2 August 2019

A Japanese zoning system is no solution to England’s housing crisis

By Sam Watling

The Centre for Cities recently suggested England should end its housing crisis by ‘turning Japanese’ and copying their planning system.

One can see the attraction. Japan uses a system of zoning where the government sets out in advance guidelines on what can be built in each area. Any development that fits the rules is allowed by right. This is far clearer and more efficient than England’s discretionary planning process, which involves putting nearly every development to a decision by the local council, which slows things down and has led to gridlock. Unsurprisingly, Japan builds a lot more homes than England.

But zoning is not a panacea. You can build by right in New York, which has a zoning system, but the maximum height to which you can build today is often set lower than the existing buildings on that plot, so it is little better than England at increasing housing capacity in old urban centres. And let’s not forget that even in Tokyo, land can be very expensive, the price of a home is far above the cost of building it, and the right to build is very valuable. Homes could be much cheaper, even there.

In fact, England already has a little-known zoning system. Through a neighbourhood development order, councils can effectively adopt zoning in a specified area, but very few have chosen to do so.

One problem with the Centre for Cities proposal is it suggests government should nationally impose what is called upzoning, in which planning guidelines are changed to allow denser development by right. As this often goes against local wishes, it’s questionable as to how feasible this policy actually is in a democracy.

And it is those local wishes that are crucial. After all, planning law is ultimately determined by politics. To put it crudely, whether an area has restrictive planning depends on what the electorate wants. Areas that don’t want housing will elect representatives to push for tighter planning.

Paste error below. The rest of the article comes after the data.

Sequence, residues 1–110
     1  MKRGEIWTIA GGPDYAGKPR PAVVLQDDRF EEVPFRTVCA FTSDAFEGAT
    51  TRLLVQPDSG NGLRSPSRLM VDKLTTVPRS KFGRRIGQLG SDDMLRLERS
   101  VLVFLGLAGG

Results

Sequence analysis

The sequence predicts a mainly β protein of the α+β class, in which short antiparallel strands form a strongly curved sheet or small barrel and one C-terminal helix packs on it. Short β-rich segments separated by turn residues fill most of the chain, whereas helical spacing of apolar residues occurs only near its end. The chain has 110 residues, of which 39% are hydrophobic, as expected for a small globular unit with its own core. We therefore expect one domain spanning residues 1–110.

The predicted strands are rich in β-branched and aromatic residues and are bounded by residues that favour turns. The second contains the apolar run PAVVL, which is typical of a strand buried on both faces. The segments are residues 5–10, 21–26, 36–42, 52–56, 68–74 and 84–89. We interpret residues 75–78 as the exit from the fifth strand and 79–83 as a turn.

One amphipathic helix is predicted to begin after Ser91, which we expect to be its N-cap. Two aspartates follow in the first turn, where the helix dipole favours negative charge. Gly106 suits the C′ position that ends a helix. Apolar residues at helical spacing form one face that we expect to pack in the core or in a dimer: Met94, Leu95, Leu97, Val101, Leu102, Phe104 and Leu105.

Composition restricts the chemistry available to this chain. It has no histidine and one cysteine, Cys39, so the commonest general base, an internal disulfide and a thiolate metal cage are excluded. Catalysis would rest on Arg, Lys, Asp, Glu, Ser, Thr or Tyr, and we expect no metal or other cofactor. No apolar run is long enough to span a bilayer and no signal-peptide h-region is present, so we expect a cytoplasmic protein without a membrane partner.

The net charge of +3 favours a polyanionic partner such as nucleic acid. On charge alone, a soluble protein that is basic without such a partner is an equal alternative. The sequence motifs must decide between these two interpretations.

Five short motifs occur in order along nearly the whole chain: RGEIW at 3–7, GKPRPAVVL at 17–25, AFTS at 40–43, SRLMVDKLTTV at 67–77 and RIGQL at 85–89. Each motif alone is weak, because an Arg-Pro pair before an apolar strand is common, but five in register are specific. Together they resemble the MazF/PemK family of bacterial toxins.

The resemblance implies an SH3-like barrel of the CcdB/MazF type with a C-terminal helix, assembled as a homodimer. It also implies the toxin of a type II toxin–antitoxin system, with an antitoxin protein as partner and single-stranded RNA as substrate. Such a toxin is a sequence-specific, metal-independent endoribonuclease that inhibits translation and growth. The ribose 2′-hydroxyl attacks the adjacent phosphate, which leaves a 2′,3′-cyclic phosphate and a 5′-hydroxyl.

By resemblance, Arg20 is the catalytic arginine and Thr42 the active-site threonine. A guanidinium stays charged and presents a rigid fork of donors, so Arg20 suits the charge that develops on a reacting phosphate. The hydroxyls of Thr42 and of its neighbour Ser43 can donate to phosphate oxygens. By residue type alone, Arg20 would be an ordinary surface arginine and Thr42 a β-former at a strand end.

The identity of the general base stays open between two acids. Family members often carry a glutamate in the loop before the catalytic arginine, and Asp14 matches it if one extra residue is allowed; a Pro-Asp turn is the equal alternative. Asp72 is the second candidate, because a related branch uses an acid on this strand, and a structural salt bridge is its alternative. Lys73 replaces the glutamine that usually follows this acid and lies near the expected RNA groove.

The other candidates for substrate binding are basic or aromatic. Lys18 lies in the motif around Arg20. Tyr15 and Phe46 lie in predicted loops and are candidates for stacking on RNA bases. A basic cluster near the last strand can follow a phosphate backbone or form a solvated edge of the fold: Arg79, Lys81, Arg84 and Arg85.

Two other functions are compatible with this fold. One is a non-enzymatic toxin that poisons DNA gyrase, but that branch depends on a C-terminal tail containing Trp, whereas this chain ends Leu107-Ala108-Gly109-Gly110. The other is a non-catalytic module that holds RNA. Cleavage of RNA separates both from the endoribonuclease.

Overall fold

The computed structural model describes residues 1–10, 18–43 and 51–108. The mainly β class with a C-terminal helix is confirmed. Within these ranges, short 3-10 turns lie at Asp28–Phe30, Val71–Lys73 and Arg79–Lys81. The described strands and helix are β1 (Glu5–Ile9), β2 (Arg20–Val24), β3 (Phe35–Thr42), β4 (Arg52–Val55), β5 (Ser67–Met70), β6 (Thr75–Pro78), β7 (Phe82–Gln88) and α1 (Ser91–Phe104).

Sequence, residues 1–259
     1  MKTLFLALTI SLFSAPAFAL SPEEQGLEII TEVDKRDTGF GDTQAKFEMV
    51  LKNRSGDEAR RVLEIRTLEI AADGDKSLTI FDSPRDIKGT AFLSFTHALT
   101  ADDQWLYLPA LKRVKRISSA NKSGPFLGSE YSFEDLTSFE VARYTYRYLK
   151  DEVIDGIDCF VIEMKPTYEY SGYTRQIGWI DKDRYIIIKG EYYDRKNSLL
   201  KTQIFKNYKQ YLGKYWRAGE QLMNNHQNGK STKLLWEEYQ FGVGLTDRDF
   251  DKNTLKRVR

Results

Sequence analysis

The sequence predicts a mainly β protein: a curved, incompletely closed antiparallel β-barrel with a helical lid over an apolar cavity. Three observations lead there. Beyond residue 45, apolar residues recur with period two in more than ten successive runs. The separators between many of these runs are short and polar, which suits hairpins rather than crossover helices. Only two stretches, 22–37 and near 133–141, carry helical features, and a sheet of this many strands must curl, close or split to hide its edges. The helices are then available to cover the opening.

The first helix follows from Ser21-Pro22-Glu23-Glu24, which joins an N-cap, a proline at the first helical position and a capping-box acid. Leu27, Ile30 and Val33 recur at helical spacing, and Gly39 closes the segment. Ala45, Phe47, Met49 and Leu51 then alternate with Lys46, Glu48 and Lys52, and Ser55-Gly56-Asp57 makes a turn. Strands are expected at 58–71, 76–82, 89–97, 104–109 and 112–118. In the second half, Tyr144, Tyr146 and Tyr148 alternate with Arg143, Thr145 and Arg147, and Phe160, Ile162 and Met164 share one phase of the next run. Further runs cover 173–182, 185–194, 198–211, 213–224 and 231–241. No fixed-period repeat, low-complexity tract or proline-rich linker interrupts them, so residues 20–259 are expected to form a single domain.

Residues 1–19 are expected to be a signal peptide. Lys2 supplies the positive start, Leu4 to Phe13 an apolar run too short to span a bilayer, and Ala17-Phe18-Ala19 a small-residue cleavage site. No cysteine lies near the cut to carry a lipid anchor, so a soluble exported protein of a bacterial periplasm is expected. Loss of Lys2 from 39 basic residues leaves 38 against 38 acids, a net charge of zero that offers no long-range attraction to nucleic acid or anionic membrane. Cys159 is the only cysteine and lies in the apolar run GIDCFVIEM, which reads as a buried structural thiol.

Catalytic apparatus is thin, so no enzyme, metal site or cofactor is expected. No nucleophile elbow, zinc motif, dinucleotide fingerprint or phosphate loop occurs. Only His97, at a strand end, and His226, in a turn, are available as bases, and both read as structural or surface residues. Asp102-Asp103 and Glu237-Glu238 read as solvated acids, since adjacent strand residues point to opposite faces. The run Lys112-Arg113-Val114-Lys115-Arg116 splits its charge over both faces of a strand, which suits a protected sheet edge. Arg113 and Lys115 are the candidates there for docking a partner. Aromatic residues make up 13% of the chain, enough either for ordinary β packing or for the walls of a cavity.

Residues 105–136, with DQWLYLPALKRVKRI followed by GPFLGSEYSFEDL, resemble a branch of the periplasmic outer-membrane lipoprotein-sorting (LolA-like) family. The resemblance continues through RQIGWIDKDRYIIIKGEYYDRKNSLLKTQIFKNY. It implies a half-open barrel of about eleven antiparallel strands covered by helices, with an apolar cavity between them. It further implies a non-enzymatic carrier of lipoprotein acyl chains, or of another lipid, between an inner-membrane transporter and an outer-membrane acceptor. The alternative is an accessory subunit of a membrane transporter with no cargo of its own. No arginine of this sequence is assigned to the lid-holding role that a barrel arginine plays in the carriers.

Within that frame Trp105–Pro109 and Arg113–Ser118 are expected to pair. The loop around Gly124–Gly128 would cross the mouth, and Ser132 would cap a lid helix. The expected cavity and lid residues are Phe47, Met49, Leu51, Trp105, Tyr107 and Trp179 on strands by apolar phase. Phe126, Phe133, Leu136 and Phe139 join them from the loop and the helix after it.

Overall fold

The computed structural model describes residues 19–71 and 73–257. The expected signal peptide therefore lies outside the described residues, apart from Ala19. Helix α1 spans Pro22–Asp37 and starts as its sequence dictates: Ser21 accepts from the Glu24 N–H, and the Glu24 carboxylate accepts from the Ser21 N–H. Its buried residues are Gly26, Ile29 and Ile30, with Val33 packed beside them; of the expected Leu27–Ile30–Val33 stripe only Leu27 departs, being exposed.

The political science of housing is still young, but more restrictive planning systems often exist in long established cities and particularly in wealthier areas with higher numbers of homeowners.

That’s because a house is often a person’s biggest investment, which they naturally want to protect. Local homeowners will often lobby against development near them, which they see as a potential threat to the value of their property, whereas those who need new homes are spread across the country and their voice is diluted. When homeowners are a majority of voters, naturally politicians listen to them and restrict development.

An overnight switch to a zoning system that suddenly allowed millions more homes to be built would clearly cause a house price crash. We have met no politician in, or with any chance, of power who wants that. The sad truth is that once you have blocked nearly all development and let house prices rise far above costs of building, as England has done, it is extremely difficult to reverse.

The American experience is instructive here. The eminent political scientist Anthony Downs argues that there is no US example of a state abrogating substantially all planning powers from municipal government except in relatively low-cost areas during periods of crisis, and that increases in density are difficult and unlikely except perhaps in those circumstances.